In June 2019, Elsevier announced a co-development agreement with NETE, a digital solutions company focusing primarily on providing research assessment to federal government agencies. Two weeks later, Elsevier announced the launch of an International Center for the Study of Research (ICSR), a venture designed to “cultivate the thoughtful use of metrics and indicators in research evaluation and to promote evaluation best practices.” ICSR is tasked with “developing, characterizing and validating new and existing research metrics, indicators and research assessment practices; it also supports independent, external studies on topics within this scope.”
These two announcements were largely ignored by the media, but we believe that they raise significant issues:
Conflict of interest. There is an inherent conflict of interest between assessing and evaluating research, on the one hand, and disseminating it, on the other. We know that all kinds of biases and errors slip into algorithms, even unintentionally. There may be little or no way for federal agencies to identify whether any biases creep into the NETE evaluations and favor publishing research in Elsevier journals. Similarly, there may be no way for academic institutions or funding bodies to assess whether there are any biases embedded into the methodologies and standards proposed by ICSR. In aggregate, federal agencies continue to be the largest source of funding for STM research in the US.
A deeper relationship between Elsevier and these agencies heightens the risk of excessive concentration in the provision of data analytics to academic institutions as universities are likely to gravitate toward accessing the evaluation tools used by their largest source of funding. The more successful NETE is with its customers, the stronger the motivation for academic institutions to access its data. This is likely to reduce the opportunities for other players to compete with Elsevier in research assessment analytics.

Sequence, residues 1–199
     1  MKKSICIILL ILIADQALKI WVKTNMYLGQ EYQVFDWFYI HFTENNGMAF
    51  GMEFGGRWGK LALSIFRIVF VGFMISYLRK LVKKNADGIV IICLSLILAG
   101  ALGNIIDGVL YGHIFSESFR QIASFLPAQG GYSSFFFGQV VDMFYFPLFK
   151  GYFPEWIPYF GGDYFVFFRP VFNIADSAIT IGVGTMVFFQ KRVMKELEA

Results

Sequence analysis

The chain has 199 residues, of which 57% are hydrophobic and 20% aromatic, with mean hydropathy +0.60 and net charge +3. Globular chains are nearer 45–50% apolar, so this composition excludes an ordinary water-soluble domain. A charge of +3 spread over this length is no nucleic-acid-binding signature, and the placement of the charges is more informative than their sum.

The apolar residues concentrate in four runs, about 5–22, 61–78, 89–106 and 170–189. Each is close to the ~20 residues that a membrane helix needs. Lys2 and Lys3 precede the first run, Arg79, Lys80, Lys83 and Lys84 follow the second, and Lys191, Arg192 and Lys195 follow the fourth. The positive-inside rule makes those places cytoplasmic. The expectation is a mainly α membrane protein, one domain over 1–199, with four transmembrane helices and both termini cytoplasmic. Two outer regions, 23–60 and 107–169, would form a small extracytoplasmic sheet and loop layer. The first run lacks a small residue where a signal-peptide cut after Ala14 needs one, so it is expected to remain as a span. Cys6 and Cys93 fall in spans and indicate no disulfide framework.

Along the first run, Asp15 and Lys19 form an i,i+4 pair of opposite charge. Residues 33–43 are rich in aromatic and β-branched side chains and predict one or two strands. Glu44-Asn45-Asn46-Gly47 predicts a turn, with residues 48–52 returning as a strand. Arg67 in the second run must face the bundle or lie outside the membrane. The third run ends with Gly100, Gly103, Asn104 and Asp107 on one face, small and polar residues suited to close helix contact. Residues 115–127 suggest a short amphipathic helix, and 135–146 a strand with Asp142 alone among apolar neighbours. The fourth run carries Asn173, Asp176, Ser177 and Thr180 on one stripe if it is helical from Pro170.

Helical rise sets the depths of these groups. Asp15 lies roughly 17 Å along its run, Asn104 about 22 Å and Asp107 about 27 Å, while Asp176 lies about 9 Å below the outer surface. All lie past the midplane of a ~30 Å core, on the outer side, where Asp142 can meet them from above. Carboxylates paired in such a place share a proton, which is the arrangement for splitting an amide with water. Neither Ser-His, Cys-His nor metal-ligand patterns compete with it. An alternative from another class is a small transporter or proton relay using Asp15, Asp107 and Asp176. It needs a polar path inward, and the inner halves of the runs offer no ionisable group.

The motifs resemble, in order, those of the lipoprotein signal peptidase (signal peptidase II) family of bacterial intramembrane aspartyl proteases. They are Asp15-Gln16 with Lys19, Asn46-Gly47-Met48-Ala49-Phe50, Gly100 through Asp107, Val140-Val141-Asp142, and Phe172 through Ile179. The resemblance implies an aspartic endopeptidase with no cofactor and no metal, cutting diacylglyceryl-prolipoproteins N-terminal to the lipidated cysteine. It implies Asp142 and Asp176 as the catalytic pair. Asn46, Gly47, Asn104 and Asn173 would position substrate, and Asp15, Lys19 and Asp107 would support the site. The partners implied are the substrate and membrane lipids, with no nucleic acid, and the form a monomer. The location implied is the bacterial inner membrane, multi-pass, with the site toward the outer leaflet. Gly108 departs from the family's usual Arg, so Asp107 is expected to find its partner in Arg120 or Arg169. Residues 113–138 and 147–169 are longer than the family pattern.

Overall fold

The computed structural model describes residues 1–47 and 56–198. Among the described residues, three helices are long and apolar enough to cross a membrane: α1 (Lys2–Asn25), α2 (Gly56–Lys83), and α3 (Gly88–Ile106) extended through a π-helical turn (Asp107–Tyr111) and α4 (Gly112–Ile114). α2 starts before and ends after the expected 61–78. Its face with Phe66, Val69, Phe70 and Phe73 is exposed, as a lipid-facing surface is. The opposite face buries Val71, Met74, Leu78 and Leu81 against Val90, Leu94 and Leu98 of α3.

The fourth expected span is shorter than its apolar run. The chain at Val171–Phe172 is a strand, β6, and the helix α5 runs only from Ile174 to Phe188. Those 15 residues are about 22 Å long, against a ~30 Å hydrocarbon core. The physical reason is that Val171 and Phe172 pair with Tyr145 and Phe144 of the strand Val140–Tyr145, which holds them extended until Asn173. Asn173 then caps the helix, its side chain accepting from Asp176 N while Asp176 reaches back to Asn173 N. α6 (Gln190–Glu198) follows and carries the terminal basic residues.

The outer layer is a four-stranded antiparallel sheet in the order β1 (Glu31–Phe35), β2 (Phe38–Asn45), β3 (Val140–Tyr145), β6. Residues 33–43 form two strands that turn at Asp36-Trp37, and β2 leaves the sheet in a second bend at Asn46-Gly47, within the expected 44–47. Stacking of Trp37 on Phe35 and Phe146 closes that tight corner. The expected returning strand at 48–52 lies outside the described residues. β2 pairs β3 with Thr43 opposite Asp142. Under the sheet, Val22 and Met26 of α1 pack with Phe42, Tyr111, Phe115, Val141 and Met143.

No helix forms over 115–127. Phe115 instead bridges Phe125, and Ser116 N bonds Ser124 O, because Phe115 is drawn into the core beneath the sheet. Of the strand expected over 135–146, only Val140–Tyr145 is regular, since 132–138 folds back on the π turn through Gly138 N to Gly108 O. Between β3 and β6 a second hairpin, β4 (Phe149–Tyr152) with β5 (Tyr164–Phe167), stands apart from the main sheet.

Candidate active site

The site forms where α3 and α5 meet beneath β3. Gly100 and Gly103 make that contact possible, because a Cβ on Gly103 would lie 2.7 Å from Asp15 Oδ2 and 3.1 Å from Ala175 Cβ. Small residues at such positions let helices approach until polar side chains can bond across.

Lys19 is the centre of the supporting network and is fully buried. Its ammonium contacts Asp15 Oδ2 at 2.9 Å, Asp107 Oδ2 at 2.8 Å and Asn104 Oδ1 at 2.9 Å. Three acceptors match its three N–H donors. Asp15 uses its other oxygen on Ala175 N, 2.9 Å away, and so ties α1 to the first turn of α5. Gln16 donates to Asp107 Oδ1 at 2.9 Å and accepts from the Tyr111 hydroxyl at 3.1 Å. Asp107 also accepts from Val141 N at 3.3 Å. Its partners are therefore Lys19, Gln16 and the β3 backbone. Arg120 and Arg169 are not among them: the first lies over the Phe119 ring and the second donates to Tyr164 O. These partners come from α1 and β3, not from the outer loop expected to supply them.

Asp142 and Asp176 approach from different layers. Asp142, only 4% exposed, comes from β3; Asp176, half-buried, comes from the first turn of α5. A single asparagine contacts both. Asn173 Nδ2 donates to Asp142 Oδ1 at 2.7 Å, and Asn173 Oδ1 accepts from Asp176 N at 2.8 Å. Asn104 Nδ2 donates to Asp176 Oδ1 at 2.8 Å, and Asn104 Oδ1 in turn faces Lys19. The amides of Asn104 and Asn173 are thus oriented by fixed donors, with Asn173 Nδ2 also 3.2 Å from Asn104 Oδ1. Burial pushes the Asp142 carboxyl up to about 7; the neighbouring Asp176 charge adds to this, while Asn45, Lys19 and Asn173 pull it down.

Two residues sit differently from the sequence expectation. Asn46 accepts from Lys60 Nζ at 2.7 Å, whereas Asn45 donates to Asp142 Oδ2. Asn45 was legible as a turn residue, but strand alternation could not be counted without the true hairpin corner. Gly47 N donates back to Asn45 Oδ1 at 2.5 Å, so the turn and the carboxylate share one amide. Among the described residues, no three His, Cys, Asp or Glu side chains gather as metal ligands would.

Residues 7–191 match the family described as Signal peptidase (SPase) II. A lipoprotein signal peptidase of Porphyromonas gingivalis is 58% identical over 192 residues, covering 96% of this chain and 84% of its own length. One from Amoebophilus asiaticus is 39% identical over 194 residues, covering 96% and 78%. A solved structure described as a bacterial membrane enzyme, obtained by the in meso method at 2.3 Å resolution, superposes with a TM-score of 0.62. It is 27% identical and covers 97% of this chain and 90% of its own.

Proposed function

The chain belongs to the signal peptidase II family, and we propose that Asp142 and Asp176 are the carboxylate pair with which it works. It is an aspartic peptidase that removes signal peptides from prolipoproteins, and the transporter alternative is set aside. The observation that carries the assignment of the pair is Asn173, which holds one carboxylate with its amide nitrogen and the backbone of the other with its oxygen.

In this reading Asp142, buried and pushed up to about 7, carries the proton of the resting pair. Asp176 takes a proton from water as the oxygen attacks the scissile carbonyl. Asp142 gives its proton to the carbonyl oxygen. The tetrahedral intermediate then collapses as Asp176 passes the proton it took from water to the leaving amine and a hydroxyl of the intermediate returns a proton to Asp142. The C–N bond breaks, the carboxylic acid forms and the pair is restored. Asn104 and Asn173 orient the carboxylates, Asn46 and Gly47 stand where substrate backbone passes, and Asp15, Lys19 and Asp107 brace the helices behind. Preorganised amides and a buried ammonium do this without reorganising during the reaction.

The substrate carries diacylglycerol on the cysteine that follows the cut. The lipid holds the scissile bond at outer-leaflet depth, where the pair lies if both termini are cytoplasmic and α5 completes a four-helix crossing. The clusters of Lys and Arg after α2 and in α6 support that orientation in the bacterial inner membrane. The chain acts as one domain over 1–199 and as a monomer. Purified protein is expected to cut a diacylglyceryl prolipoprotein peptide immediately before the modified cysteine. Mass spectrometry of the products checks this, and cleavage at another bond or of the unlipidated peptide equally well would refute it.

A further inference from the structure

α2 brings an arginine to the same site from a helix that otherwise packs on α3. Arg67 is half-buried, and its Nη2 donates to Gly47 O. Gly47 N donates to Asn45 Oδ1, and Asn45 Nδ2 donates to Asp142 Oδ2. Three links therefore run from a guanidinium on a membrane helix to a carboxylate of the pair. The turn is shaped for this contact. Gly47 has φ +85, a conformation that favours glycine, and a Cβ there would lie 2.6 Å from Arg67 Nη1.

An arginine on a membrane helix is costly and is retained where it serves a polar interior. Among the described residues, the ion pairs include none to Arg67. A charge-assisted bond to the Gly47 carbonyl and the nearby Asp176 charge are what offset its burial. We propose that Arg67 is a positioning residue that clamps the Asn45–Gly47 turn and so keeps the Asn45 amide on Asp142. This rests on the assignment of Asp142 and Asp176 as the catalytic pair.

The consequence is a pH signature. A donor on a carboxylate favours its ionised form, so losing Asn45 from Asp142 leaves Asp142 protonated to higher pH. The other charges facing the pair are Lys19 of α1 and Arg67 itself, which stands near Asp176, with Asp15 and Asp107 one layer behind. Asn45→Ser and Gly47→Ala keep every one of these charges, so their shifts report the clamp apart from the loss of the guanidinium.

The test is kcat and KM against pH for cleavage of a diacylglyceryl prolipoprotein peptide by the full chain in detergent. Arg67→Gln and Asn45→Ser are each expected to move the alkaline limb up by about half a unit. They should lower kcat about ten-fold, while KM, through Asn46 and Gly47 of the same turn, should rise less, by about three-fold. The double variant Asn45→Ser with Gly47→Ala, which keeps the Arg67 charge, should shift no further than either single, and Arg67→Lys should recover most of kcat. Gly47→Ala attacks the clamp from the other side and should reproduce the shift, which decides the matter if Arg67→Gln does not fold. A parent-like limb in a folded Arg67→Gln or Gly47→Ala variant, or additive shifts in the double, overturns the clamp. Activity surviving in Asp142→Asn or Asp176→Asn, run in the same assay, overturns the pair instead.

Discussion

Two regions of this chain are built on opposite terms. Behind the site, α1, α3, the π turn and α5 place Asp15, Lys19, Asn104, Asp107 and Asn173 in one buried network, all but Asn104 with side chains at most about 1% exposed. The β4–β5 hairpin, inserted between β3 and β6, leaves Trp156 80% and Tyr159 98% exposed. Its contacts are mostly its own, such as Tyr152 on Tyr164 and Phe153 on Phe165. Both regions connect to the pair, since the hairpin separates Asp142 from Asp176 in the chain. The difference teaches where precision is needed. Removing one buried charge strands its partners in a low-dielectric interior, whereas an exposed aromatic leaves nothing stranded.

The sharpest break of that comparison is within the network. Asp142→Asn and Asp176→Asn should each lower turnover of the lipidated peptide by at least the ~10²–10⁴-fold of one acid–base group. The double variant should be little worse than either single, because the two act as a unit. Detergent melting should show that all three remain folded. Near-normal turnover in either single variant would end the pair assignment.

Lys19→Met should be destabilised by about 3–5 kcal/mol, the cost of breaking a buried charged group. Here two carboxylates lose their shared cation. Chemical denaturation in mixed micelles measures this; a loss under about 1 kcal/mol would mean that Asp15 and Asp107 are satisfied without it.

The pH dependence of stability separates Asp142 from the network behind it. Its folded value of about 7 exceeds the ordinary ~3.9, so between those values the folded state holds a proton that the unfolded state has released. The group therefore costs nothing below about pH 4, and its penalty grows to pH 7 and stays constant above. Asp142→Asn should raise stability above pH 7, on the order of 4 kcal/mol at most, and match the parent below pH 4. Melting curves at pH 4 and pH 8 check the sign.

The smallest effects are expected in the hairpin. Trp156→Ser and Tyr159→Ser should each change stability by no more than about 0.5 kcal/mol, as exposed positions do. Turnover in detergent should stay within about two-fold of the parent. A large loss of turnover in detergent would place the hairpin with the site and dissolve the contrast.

Excessive control. Perhaps the greatest source of concern is the statement contained in the Elsevier/NETE press release highlighting the aspiration to offer “seamless solutions for managing research information.” It is laudable to pursue interoperability across research information systems, but it is risky to put these capabilities into the hands of one company which may find itself at the center (and perhaps in control) of a large percentage of all research dissemination and assessment data flows.
In general, the academic community should approach any companies driving the definition of research evaluation methodologies and/or performing actual assessments when they have clear conflicts of interest with a healthy dose of skepticism. In the case of ICSR, these concerns are heightened by the announcement in March 2020 that it will operate a computational platform, ICSR Lab, which will host researchers wanting to analyze large data sets (including SCOPUS and PlumX, but also their own).
Users of ICSR Lab will maintain ownership of their own data sets, but they must grant ICSR and Elsevier the right to use the data fed by researchers “for the purpose of developing and maintaining the ICSR Lab and related services,” a formulation that is vague enough to allow ICSR (and possibly Elsevier) a wide and potentially unlimited range of uses. At a minimum, Elsevier and ICSR will have access to a significant amount of analytical work on science assessment and be in a position to affect the outcome of research projects on science assessment.